Keeping the flame burning: Vets honor all who served

Photo by Daniel Jackovino
Four commanders, past and present, of VFW Post 711 during the annual Veterans Day breakfast held Sunday at the Newark-Bloomfield Elks Lodge No. 21. From left, Joe Ellmer, Joseph D’Arco, Gennaro Celano and Allen Garth, the present commander.

BLOOMFIELD, NJ — The Bloomfield Joint Memorial Day Committee held its annual Veterans Day breakfast on Sunday, Nov. 4, at the Newark-Bloomfield Elk Lodge No. 21, located on Bloomfield Avenue. The event has been held for about 20 years, according to Joe Ellmer, a past commander of VFW Post No. 711, Bloomfield, and a Korean veteran.

There were not as many people attending the meal as in recent years and that was a shame because the food is always prepared well by members of Lodge No. 21 and the coffee is good. Also, women who had been members of a service-related auxiliary were noticeably absent on Sunday. This was not true even two years ago. But at one table, three past commanders of No. 711, Ellmer, Joe D’Arco and Gennaro Celano, and the current post commander, Allen Garth, sat.

“To join the VFW, you have to be in a combat zone,” Ellmer said. “The younger groups don’t want to join.”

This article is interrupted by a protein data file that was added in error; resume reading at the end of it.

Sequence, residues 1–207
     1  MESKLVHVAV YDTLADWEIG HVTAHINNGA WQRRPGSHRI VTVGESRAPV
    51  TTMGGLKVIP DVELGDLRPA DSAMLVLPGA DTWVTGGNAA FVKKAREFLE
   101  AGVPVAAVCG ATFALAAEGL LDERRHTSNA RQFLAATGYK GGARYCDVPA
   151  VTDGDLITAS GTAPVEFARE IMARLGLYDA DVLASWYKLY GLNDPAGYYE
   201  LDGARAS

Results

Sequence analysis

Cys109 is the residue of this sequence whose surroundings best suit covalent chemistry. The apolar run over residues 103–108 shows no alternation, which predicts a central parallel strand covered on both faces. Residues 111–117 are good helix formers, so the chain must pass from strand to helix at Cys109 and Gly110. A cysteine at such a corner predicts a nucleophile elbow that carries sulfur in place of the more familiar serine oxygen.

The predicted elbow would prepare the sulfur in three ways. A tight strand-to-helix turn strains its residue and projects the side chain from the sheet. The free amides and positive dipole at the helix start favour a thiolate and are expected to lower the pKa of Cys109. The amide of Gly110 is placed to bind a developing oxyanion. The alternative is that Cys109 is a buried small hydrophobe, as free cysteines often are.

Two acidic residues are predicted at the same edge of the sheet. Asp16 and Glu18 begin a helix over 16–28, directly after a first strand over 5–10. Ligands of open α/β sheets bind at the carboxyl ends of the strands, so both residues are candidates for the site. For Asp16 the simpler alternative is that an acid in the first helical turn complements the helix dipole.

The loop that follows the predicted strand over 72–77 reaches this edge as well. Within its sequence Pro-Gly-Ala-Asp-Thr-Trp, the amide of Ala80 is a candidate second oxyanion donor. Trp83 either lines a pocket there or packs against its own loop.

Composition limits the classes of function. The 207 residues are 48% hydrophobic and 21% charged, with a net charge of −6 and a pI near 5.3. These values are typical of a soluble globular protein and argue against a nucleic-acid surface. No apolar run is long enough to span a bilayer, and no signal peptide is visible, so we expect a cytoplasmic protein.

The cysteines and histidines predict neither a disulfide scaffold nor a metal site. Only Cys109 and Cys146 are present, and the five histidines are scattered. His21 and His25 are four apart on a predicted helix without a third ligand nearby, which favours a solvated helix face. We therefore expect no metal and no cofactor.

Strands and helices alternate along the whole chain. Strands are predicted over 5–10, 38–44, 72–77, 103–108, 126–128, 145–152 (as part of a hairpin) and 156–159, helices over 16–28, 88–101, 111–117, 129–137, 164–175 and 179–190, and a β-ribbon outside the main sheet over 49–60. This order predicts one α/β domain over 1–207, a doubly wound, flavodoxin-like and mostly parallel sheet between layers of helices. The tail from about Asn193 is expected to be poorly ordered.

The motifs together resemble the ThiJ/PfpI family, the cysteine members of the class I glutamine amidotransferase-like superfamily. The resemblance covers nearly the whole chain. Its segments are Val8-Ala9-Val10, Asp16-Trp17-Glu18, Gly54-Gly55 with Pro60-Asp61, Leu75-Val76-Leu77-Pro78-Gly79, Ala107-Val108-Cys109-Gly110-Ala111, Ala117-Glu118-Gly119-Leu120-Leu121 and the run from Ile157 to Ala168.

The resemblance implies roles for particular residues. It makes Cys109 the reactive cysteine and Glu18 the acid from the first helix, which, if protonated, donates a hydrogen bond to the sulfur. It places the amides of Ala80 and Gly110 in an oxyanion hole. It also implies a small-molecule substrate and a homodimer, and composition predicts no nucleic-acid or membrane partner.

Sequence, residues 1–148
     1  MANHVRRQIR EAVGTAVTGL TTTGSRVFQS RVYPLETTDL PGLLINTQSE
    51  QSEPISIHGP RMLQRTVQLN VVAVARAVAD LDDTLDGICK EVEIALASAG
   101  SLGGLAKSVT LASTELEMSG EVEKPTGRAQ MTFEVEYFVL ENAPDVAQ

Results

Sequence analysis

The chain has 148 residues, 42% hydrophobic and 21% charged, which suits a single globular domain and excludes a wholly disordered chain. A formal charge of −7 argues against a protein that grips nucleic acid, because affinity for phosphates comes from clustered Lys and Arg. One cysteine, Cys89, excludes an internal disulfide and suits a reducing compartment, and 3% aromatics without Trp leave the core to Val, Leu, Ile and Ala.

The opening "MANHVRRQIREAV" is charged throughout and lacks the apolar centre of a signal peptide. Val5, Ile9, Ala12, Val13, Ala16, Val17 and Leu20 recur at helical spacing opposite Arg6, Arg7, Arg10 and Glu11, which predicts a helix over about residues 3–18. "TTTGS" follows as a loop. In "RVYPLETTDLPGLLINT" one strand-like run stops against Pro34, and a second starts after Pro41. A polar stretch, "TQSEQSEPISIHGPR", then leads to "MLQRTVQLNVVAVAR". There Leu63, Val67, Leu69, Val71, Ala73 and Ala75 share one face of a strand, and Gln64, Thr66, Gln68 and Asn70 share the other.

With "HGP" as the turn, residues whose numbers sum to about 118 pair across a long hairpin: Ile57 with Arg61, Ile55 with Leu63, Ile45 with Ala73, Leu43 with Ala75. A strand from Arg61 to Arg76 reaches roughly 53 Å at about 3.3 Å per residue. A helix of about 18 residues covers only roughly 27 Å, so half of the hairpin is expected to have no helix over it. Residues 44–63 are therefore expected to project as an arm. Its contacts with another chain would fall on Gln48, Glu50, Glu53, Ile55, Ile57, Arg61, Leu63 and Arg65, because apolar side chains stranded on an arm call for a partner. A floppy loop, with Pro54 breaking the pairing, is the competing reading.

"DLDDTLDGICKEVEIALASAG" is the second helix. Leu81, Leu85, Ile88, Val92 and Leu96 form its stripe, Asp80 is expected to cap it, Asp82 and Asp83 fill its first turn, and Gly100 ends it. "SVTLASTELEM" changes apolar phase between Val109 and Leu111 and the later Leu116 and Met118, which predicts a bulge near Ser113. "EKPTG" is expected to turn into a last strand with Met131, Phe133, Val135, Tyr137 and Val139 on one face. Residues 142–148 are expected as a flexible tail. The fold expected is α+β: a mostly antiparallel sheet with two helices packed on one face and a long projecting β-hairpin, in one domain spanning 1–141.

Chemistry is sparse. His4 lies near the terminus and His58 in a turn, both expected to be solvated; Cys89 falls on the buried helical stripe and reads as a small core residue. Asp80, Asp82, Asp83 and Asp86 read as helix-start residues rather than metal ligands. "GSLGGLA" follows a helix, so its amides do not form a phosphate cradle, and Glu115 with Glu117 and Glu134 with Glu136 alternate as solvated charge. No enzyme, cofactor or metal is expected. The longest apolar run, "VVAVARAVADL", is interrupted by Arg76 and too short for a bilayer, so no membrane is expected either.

D’Arco attributed this to people’s work schedules.
“It’s tough to get out at night,” he said.

The Bloomfield VFW group meets the third Tuesday of the month. It use to be Monday, but when D’Arco became commander, he worked that night.
“So we changed it to Tuesday,” Ellmer said.

Iraq War veteran Garth is also the newly recruited commander of all Essex County VFW posts.
“There are 11 VFWs in the county,” he volunteered. “Only six have their own building.”
Garth has been the No. 711 commander for five years now. As county commander, he will go to the labor unions and look for new members.
“Every organization has the same problem,” D’Arco said.

Recruiting needs the personal touch, he said, meeting another combat veteran and telling them that being in the VFW is more than just showing up for a meeting.

“It’s going to schools and talking to the kids about veterans,” he said. “I’m a Vietnam War vet. We don’t want other veterans to feel subject to what we felt when we came home.”

“I was called a baby killer,” Celano said.
“We want veterans to feel honored and cherished, to be honest,” D’Arco said.
Garth said it is not what the community gets out of the veteran, but what the veteran puts into the community, drawing a distinction.
Ellmer changed the subject. He wanted to know how many steps the guard at the Tomb of the Unknown Soldier takes. Answer: 21. The guard then turns and pauses for 21 seconds before proceeding, Ellmer continued. And a soldier cannot drink, smoke or swear while in the unit guarding the Unknown Soldier.

This coming Sunday, Nov. 11, the annual Veterans Day Parade will leave the Bloomfield Town Hall at 10:30 a.m.